“I know where you are,” barked Bud. “Just give me a minute, will ya.”

Mark shook his head. Every call to Bud was an adventure, and not the kind of adventures Mark enjoyed. Every word he said was the wrong one, and every attempt at making a little joke always fell flat.

“All right,” began Bud. “There’s a load of six giant wind machines in the port. They were being used on a movie set on Oahu and now they have to be in Collingwood by next Friday.” A pause.

“They’re going to be using them on some movie called Snowflakes.”

“Who’s in the movie?”

“Uhh…” Mark pictured Bud peering over the tops of his glasses at the piece of paper in front of him. “Shannon Tweed.”

“Shannon Tweed? The direct-to-video queen?”

“I guess,” said Bud, who obviously didn’t know who he was talking about. It could have been Captain Queeg for all he knew.

“Hey, maybe I’ll get to meet her.”

“Yeah,” answered Bud. “She’ll probably be signing for the load when you get there.”

Mark was silent for a moment. From the way he’d said that, maybe Bud knew who Shannon Tweed was after all. “Hey, you never know,” he said. “Low-budget movie. Maybe everyone pitches in.”

“Yeah, well maybe you should be worrying about getting the load instead of delivering it.”

“Why, what do you mean?”

“Don’t you read the papers while you’re out there?”

“Haven’t had time.”

“Well, you’ve got time now. Those wind machines are being held up along with everything else in the port while a bunch of owner/operators are protesting, shutting down the yard until they start getting an hourly rate for the time they spend in line waiting for a load.”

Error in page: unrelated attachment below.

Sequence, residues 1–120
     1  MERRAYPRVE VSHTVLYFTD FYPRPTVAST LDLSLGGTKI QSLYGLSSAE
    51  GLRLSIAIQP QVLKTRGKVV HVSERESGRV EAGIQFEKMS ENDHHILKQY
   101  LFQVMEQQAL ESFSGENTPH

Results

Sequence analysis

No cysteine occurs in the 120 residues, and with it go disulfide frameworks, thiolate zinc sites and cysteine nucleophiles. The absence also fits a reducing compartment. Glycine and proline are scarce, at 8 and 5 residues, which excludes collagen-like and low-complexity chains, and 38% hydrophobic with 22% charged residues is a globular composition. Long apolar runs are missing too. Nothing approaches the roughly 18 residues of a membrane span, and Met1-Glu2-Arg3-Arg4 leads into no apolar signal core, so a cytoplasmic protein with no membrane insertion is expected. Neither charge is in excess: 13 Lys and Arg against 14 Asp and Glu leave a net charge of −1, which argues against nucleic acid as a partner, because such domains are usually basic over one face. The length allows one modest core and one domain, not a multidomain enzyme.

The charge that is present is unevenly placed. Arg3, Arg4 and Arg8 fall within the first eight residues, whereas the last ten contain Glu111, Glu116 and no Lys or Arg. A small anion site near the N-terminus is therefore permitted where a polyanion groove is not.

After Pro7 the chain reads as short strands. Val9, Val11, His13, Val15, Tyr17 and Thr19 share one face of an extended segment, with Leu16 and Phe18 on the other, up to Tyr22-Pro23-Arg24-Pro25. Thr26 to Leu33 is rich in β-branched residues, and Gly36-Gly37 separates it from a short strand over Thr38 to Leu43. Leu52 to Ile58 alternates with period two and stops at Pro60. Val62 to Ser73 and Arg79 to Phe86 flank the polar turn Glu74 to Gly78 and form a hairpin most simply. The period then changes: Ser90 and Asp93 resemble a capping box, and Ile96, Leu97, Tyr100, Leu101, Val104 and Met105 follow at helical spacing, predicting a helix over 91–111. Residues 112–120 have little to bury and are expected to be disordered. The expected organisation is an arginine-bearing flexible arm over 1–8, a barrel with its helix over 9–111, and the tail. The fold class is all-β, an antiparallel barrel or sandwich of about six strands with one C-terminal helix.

Bud gave Mark the details on the load, and after they said goodbye, Mark pulled out of the police lot and found a donut shop just down the street with a newspaper box out in front. He bought a coffee inside the shop and headed back to his truck. Once inside, he began flipping through Truck News, and it wasn’t long before he came across a feature story on the ongoing labor dispute.

Apparently it was just as Bud had said. The local owner/operators were tired of waiting up to three hours for a load that paid a flat rate. They were asking for close to $50 an hour, which would probably speed things up in the port some. And even if it didn’t, the operators wouldn’t mind waiting in line.

But while the dispute had been going on for a month, Mark was happy to learn that a vote was going to be taken on the port’s most recent offer tomorrow night. He hoped the operators got what they wanted.

And while the article clearly stated that this dispute had no affect on long haulers like himself – which meant he could probably get into the port and pick up his load if he really wanted – that would force him to go up against the operators who were out on strike. They were guys just like him, trying to make a decent living wage and he didn’t want to do anything – no matter how small – to hurt their fight.